Brad: What’s long term considered?


Chris: Well, it’s going to be months of regular consistent use. Let’s say you have osteoarthritis, sometimes people get a lot of pain, it’s the wear and tear arthritis. As we age, it’s something that we would use for more than just your average bear because it doesn’t go away. We haven’t invented something to fix that yet. That way, I would see you for physical therapy to try and come up with other ways to go non-drug, but, in the short term we would like it. If you’re using it all the time, there are some risks to the stomach and kidneys. The other unique thing rather for people with ibuprofen, if you’re on blood thinners, it’s an absolute no-no. If you’re taking drugs like warfarin, Eliquis, Xarelto, Brilinta, Clopidogrel, these are all things that your pharmacist and doctor would tell you that you cannot use anti-inflammatories like ibuprofen. It can be dangerous, it can cause the bleeding stroke. Three percent survivability on a worst-case scenario. Not an area we want to go in.


Brad: Right, that’s good information.


Chris: For pain and inflammation, it’s my favorite go-to for recommendation to patients. If I’m not checking off kidney problems, blood pressure problems, blood thinners or allergies, it’s my go-to choice. You’re going to come in to see your pharmacist or doctor and they’re going to tell you, “Yeah. Any problems? No, go through our list. Okay, why don’t we try some ibuprofen.”


Brad: As a rule of thumb, if someone has an acute problem, they use that 3-4 times a day. How many days in a row?


Chris: We would say up to seven. That’s kind of that benchmark. If you’re getting worse while you’re taking it or if you get to day seven and things haven’t improved, it’s time to contact your doctor. We must get the pros in there that can figure out the crux of the matter to ensure that we can get you back to well.


Brad: Right. In case there’s something else going on. It could be more serious.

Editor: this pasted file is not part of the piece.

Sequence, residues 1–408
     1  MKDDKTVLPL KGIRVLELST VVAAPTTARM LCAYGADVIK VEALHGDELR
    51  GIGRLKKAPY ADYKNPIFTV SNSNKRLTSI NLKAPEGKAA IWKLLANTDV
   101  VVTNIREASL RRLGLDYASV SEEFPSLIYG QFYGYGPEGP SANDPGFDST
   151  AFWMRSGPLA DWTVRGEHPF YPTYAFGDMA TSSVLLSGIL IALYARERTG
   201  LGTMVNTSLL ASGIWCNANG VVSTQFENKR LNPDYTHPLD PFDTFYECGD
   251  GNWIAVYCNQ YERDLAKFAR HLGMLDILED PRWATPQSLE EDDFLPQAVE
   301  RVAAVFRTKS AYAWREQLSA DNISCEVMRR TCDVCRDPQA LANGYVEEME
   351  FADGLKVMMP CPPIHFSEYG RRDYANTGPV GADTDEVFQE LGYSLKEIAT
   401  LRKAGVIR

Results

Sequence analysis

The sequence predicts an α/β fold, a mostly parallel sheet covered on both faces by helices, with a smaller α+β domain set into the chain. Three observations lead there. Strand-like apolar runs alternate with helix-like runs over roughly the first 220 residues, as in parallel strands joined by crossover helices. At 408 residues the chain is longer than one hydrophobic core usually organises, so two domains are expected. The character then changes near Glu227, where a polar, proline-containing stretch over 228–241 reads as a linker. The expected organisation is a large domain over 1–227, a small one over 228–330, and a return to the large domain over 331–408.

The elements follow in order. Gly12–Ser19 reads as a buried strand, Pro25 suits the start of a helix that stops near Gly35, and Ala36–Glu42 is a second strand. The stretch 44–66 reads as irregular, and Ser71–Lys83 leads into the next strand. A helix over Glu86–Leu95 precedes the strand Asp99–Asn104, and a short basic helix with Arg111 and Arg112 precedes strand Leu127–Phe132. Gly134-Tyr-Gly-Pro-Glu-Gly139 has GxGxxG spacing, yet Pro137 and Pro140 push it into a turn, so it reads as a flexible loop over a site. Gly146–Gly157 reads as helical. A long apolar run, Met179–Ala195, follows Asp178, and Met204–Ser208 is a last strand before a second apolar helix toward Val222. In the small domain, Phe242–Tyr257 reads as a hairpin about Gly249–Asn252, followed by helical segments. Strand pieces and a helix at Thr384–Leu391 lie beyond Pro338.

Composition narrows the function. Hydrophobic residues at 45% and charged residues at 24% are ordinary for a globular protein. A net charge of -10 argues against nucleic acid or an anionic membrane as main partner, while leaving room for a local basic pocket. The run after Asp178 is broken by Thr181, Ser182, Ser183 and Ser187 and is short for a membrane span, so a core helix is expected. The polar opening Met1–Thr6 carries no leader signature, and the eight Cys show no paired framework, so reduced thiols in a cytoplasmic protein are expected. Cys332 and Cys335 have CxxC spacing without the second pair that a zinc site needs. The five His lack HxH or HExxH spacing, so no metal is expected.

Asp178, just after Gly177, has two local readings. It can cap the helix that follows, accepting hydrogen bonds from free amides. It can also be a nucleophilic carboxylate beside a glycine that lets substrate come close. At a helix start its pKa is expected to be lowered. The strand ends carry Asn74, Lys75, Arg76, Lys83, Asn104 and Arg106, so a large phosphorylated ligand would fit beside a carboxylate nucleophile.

Chris: Tough on the tummy. You always want to take with some food or at least a glass of milk.


Brad: Before or after?


Chris: I would have it after you eat. This way you have something in there and it’s not so much that it’s acidic and it’s going to burn a hole in your tummy, that's not what happens. It reduces prostaglandin, it slows down the absorption, helps your body to kind of pick it up and makes sure it’s minimally problematic.


Brad: If you eat something it’s fine.


Chris: A little something is how to take it.


Brad: And if you’re in a big hurry, I think you’ve told me you must at least have some milk.


Chris: Yes, and we’d like you to stay hydrated because it likes to go through the kidneys. We want to take care of that so people who have renal problems, it’s another thing that you must reduce the dose greatly or talk to your doctor if it’s even safe for you.


Brad: Okay. So, just drinking water.


Chris: Water is ideal.


Brad: What kind should you buy?


Chris: Anything that’s inexpensive is fine. The brand names are Advil and Motrin. Ibuprofen is always right next to it. Generic is fine.


Brad: If it says ibuprofen on it and some unusual name you haven’t heard of?


Chris: Two hundred milligram, you’re good.


Brad: It’s good.


Chris: There’s no reason to spend more for a shiny, prettier box. Just buy the cheap stuff, it works the same, your body doesn’t care what the name on the box is. It cares what it does in the body. That’s the important thing.


Brad: So, I think we hit everything. All right, thank you Chris.


Chris: You’re welcome. Have a good day!